The Montgomery (N.Y.) Young commonplace book contains 52 pages of 19th-century poems and prose pieces on topics such as friendship, nature, and religion. The volume's poems are primarily concentrated on pages 1-54 and 64-66, with prose works appearing on pages 27, 55-63, and 174-175. Additional poems may be found on 10 newspaper clippings and 1 manuscript fragment laid into the volume. Some of the poems are attributed to members of the Young family and other writers, who usually gave their location as Montgomery, New York, and H. Houston wrote several poems at "Hunting-grove" in August 1821 (pages 18-21). The poetry pertains to subjects such as friendship, affection, and love; winter, snowstorms, flowers, and other natural phenomena; and religion. One playful poem is entitled "Inscribe'd to a Miss Little" (page 8); one acrostic spells "Eliza Young" (page 43); and one is dedicated "To Eliza" (page 65). Female members of the Young family wrote several of the poems, such as "On Female Excellence," which is attributed to E. Young (page 45). Other entries of interest are "Lines written to a friend about to marry a second time" (page 51); "The Happy End," a musing on the afterlife; and a newspaper poem about Mary, Queen of Scots (laid in).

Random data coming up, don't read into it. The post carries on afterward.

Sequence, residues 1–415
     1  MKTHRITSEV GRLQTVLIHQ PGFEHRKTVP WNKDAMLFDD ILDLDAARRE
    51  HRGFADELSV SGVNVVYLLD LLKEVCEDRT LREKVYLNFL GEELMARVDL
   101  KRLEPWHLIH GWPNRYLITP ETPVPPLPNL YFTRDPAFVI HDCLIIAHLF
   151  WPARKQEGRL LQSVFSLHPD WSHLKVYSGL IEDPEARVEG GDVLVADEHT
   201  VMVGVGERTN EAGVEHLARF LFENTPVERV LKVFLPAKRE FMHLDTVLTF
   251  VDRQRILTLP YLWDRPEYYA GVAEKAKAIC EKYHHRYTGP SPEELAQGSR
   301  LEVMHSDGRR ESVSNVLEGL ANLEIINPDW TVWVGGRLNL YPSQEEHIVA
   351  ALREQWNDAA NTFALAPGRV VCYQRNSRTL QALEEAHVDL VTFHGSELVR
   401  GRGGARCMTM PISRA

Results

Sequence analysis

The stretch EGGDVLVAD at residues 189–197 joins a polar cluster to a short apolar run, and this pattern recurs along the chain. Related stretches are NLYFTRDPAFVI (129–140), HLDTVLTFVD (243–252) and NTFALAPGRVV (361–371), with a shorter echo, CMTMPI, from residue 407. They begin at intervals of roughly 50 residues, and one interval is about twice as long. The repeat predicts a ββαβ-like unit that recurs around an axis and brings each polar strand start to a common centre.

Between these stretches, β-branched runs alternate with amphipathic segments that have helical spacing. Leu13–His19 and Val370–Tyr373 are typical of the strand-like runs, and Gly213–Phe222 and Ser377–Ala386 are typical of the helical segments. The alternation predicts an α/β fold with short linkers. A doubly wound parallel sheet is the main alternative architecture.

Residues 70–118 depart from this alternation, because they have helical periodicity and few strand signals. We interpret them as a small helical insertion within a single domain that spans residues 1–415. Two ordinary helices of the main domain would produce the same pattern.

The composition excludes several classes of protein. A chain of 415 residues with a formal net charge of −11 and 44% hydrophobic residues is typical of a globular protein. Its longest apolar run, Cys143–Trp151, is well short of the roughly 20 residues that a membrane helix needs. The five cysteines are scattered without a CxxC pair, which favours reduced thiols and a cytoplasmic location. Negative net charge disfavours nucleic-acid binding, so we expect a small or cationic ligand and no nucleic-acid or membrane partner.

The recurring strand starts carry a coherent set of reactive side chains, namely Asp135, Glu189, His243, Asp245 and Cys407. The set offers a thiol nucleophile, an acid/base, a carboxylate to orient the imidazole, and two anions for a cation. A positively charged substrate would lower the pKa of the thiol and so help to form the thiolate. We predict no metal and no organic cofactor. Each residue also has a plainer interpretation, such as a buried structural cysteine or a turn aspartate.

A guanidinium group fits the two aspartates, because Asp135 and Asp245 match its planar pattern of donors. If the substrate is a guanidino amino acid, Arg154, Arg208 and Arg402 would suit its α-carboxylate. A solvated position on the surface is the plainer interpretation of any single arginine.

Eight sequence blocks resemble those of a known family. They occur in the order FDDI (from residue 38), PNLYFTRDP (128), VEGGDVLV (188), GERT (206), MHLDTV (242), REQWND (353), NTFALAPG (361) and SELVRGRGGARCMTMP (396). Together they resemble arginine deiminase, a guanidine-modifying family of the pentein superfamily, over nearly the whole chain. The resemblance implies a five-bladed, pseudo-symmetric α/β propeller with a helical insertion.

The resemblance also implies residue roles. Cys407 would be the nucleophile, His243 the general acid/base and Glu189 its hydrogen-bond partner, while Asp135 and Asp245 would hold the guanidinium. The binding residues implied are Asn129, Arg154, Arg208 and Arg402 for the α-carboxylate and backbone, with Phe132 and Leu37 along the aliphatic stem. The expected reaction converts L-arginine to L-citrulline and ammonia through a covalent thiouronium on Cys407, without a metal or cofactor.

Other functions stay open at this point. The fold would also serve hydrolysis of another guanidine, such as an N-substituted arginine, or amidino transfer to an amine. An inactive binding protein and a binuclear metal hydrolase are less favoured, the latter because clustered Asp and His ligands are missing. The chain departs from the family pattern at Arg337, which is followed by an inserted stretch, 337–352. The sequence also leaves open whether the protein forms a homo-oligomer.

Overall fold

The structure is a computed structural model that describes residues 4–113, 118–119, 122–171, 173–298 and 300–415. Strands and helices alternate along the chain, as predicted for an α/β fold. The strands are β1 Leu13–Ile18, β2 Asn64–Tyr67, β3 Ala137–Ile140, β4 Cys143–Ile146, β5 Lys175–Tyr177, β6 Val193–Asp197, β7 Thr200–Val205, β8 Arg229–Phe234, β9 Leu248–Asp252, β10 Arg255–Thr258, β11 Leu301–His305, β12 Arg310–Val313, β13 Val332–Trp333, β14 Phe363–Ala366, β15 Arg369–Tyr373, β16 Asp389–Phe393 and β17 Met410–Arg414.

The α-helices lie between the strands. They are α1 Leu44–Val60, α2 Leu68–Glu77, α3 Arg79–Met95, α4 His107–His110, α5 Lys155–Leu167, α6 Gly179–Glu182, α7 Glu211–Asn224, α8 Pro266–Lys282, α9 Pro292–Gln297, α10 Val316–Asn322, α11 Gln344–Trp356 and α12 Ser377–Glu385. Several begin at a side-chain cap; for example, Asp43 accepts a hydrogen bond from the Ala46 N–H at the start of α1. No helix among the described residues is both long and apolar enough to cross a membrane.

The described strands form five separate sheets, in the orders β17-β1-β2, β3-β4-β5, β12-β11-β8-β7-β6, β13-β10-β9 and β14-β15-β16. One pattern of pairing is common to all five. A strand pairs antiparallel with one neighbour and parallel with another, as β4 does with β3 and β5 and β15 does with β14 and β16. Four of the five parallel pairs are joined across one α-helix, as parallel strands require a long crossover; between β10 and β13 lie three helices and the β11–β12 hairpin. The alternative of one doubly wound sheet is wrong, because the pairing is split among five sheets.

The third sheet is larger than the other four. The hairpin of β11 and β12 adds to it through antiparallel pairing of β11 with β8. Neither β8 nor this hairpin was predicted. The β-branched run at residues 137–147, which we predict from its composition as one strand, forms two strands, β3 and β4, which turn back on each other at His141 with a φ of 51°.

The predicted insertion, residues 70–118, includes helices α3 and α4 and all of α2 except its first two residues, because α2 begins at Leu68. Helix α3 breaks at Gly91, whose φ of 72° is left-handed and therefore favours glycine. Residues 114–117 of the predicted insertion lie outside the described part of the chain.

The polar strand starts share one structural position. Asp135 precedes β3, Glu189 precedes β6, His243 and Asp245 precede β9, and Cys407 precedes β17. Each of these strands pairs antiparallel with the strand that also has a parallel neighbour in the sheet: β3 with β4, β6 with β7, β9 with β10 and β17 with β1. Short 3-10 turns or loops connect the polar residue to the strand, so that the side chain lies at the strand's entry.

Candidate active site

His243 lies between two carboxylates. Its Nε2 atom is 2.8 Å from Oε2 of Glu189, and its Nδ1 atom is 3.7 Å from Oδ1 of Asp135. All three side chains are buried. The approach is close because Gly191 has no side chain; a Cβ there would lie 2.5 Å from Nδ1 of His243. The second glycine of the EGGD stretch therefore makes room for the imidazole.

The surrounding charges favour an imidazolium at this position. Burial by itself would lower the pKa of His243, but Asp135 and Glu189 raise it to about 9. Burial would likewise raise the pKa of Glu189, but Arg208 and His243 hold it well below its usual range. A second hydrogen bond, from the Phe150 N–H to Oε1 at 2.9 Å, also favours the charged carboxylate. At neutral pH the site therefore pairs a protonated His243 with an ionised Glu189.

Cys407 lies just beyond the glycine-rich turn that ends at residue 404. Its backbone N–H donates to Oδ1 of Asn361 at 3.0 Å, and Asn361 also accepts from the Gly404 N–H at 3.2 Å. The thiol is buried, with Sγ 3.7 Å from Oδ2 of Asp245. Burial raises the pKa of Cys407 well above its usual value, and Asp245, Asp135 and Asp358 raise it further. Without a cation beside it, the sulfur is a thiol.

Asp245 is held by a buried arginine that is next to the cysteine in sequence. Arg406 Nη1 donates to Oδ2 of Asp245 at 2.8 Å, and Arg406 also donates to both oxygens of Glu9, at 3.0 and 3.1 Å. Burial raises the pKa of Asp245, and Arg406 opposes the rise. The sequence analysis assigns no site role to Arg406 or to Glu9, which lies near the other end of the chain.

Short prose pieces concern friendship (page 28, pages 174-175) and the properties of various fruits, trees, and plants; the latter are copied from William Prince's A Short Treatise on Horticulture, The New York Mirror, and other sources (pages 55-63). Poetic lines and quotations on page 47 are attributed to "Tompson" [Scottish poet James Thomson] and, mistakenly, to William Shakespeare.